I recently used fibre on a hi-rel project (had a simple light/dark relay logoc link) and was surprised to find the latter receiver (Agilent 1402) singing at UHF when anywhere near its threshold (as with dirty fibre connections!). Too late now, but in retrospect the TX/RX pair needed a run-time check that sensed the high-low thresholds and reported a bad 'eye' margin. That would catch assembly and cabling errors. Couldn't add it because we only built one end of the link.
Just patching a noise filter onto the RX wouldn't alert that a link had become weak.
Next time: change the logic link to use a modulation protocol for link-confidence checking (and monitor errors on the Gig E links as well).
we were the HMI company - you'd think the System Integrator (who did drill rig build and program for a living) would know this - not their first fiber link. TG it was plastic fiber; ease up on the clinch and bits come thru the hose!
When you introduce unfamiliar technology into an industry then it is absolutely necessary to educate on its quirks and limitations.
For example, boatyards are quite familiar with tying down cables and marine cables are designed to be very robust. If you give them something new that looks like a cable then expect them to treat it exactly the same.
anything that can go wrong will.
had a high power coax, you know the sort of thing 5cm diameter.
all went well for ages, till one day, full power and a bit was applied.
system failed 'spectacularly' after a while. turned out 'pipe' had been flattened 'just a little' to get it through a gap. aparantly standard practice on ships for pipes, but the dialectric of the coax did not agree.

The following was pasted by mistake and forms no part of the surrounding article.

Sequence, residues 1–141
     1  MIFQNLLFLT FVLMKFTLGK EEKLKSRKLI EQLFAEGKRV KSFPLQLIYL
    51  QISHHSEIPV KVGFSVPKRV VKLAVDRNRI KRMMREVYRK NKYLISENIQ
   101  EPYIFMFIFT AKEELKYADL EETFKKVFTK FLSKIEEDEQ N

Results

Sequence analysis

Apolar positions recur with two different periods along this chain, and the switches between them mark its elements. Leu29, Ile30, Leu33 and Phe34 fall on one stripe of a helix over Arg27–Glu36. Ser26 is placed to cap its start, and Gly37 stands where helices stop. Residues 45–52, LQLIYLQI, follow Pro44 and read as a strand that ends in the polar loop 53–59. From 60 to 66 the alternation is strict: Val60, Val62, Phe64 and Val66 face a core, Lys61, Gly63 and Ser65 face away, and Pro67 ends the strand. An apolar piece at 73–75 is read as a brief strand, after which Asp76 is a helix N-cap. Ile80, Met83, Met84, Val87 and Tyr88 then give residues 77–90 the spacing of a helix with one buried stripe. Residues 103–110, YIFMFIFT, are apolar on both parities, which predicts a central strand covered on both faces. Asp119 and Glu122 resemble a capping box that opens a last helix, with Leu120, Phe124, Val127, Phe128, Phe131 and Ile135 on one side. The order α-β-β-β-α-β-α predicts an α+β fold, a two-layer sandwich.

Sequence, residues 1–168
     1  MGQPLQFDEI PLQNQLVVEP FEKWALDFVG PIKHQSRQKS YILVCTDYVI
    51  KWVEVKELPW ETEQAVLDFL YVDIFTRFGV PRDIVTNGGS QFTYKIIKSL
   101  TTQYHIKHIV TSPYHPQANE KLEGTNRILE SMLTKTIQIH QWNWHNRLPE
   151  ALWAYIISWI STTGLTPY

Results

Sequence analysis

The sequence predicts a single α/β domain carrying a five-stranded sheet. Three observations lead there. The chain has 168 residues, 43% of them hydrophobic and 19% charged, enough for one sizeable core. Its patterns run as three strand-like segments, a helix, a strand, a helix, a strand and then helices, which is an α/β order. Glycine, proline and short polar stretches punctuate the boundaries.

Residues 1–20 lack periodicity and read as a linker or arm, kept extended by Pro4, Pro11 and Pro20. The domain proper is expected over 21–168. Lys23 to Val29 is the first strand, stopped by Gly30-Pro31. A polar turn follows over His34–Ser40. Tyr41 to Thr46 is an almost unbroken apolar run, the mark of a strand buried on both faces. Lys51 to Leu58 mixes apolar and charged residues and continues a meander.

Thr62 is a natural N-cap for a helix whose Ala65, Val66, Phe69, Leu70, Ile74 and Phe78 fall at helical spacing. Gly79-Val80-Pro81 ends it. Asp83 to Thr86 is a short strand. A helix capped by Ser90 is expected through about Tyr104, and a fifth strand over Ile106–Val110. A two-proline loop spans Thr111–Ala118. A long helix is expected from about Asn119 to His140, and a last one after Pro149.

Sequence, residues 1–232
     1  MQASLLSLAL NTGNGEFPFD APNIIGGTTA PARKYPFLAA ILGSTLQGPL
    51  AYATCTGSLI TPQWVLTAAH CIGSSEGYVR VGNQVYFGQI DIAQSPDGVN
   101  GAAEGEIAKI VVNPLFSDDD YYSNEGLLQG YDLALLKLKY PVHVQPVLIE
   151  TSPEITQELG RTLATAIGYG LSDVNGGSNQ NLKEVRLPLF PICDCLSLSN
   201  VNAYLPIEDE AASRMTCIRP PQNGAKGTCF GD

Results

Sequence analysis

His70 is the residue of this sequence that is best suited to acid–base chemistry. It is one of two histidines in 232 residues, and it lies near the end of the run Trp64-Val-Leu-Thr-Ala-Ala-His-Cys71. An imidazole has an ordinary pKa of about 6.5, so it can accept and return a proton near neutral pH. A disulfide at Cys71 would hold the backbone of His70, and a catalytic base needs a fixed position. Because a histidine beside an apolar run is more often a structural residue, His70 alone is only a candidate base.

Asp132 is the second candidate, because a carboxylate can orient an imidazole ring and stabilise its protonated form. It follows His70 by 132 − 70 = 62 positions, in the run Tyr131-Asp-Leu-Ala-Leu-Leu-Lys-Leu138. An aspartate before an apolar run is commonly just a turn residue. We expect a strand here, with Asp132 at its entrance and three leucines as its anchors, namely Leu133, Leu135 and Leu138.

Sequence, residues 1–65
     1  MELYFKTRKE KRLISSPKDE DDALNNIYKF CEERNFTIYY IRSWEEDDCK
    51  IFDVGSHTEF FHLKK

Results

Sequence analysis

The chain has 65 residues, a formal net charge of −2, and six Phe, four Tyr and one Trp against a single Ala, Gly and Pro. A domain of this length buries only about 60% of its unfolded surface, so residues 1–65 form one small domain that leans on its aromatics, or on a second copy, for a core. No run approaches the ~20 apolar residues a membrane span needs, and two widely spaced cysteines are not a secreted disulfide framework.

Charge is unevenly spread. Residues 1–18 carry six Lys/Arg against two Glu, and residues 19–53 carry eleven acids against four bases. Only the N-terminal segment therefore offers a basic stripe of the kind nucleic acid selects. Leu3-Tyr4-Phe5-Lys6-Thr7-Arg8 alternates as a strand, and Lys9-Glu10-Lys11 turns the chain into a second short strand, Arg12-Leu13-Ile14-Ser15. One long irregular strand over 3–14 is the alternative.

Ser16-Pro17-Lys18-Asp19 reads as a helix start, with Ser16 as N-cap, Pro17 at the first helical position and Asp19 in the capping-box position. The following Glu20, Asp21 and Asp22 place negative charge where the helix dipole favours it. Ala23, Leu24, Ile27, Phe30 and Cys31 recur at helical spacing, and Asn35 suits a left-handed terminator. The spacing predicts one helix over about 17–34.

moto. don't get high power rf 'pipes' installed in the ship yard by pipe fitters, even if they look and feel like pipes.
Good plan, William.
Long ago I needed a drawing made for attaching a sheath for an optical fiber to the metal tube extending from a single-mode LED assembly. My initial sketch had the note "Do not use excessive force to attach the sheath."
The drafting department laughed and said the note was not necessary. I was into the next project and did not need to waste time with an argument, so reluctantly I said they could eliminate that note.
You can probably figure out what happened. About a year later, LEDs started failing in the field. The metal tubes had been bent by excessive force by the factory workers while attaching the sheath.
After that I never let anyone tell me what or what not to put on my drawings.
It is amazing how poorly things can be made to work when the folks building things don't do it correctly. Sometimes they assume that the engineer was wrong and do it some other way, and then when it fails to work correctly the engineer gets the heat applied.
So for one project I had all of the released drawings stamped "System will not function correctly unless built according to the drawing".
I did get a few snide remarks, but when built to the drawing it worked as desired.
Blog Doing Math in FPGAs Tom Burke 24 comments For a recent project, I explored doing "real" (that is, non-integer) math on a Spartan 3 FPGA. FPGAs, by their nature, do integer math. That is, there's no floating-point ...